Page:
The impact of the unexpected interest rate change is positive for 12 countries, with the largest impacts on the UK (7.3 percentage points of GDP), US (5.9), Poland (5.5) and Czechia (3.0). For Italy, the interest impact is just 1.0, for Germany it is 0.5, and for Japan, it is negative at -0.6 (implying that the expected Japanese interest rate declined from the April 2021 to the April 2022 projection).
Interest rate impacts are dwarfed by the impact of unexpected inflation, which is expected to reduce UK and US debt ratios by more than 20 percentage points of GDP, and Italian and German debt ratios by about 12 percentage points. The largest decline arising from unexpected inflation, of a staggering 35 percentage points, is expected in Poland, resulting from a huge revision of the GDP deflator outlook: the April 2021 WEO foresaw that the Polish GDP deflator would increase by 18 per cent from 2020 to 2026, while the April 22 WEO forecast a 41 per cent increase over the same period. Among the 16 countries, the unexpected change of inflation increases the debt ratio only in Ireland (1.7 percentage points) and Japan (7.8 percentage points), reflecting a reduced inflation outlook for these two countries.
The impact of a revised real growth outlook decreases the debt ratio in three-quarters of the countries, but generally by small amounts, except in Ireland and Slovenia. In Ireland, real GDP forecasts were revised upward very substantially. The revised real GDP outlook from 2020 to 2026 is expected to increase the public debt ratio in five of the 16 countries: Czechia, France, Germany, Romania and Japan.
The impact of the tax rate change varies, increasing the debt ratio in half of the countries and reducing it in the other half. There is no clear pattern for the revisions to stock-flow adjustments either. The biggest revision in the stock-flow adjustment is for the UK, resulting in a 15-percentage point of GDP decline in the debt ratio.
These factors combined would imply very big reductions in public debt-to-GDP ratios. But non-interest public expenditures cannot stay intact in the face of a big inflation shock. Certain expenditures might be indexed to inflation, like pensions, while unexpected inflation reduces the real value of public expenditure. That implies that fewer goods and services can be purchased for the same amount of nominal expenditure, and thus governments might be inclined to increase nominal spending, especially since they receive much higher tax revenues because of higher inflation.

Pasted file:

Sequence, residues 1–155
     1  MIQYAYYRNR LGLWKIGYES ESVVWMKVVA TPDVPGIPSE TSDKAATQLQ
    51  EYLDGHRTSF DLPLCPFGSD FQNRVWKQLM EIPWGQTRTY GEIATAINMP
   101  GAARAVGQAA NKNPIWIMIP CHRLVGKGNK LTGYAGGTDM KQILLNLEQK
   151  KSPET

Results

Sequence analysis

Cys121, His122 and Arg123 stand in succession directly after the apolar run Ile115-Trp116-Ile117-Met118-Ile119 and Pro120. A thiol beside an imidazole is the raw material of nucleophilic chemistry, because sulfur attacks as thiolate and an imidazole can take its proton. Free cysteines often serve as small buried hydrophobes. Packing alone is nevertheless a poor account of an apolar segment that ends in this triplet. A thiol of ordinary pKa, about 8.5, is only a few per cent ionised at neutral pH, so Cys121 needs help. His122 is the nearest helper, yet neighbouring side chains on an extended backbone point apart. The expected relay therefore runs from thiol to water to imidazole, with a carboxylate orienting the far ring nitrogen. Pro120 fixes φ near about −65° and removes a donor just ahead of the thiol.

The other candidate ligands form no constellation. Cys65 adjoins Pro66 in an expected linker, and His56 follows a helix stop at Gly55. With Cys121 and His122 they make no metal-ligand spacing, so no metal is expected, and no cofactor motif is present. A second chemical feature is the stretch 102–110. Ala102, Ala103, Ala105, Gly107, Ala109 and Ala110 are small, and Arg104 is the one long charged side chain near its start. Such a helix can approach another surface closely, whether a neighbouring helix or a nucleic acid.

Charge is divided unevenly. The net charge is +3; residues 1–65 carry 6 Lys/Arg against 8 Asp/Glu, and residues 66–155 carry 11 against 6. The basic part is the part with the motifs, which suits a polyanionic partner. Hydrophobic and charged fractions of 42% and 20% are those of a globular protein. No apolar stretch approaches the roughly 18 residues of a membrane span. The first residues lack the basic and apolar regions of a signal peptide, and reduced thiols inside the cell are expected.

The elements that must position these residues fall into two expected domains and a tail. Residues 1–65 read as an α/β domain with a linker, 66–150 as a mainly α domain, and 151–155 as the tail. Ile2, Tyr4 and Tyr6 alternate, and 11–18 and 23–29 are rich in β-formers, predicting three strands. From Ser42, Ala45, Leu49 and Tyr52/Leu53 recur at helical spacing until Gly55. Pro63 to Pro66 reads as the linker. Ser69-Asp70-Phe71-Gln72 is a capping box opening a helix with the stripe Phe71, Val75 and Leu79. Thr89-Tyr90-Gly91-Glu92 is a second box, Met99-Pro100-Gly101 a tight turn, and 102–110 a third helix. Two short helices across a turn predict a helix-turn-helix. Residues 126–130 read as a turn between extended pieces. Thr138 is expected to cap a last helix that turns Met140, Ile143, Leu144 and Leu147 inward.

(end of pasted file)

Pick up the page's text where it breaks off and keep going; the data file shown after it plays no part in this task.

Moreover, the Russian aggression against Ukraine has encouraged many countries to spend more on defence and the energy transition. Governments have also rushed to shield consumers from rising energy prices. The arrival of millions of Ukrainian refugees will imply major fiscal costs for several member states.
It is unclear to what extent WEO projections took into account such increased non-interest expenditures. Nevertheless, increased expenditures are expected to lift the debt ratios in all 16 countries we have analysed, by an average of about 12 percentage points of GDP.
In conclusion, decomposing the changes in the 2022 and 2021 IMF public debt-to-GDP ratio forecasts for 2026, suggests that the impact of monetary tightening and worsened economic outlook is relatively small, while inflation reduces debt ratios very substantially. Of course, these calculations are based on IMF projections, which could underestimate the extent of monetary tightening (though they might also underestimate the inflation rise). Also, if high interest rates persist longer-term, the average interest cost on public debt could increase beyond 2026. Increased inflation could also increase the risk premium of long-term debt, unanchored inflation expectations, and depress investment and growth. All these factors could weaken the debt sustainability of high-debt countries. Nevertheless, for the next few years at least, the rise of government borrowing costs on newly issued debt should be more than counterbalanced by the debt-reducing impact of higher-than-expected inflation.
Zsolt Darvas, is a Senior Fellow at Bruegel, a Brussels based think-tank. This was published as a post on the Bruegel blog and is re-posted on the blog of the Cyprus Economic Society.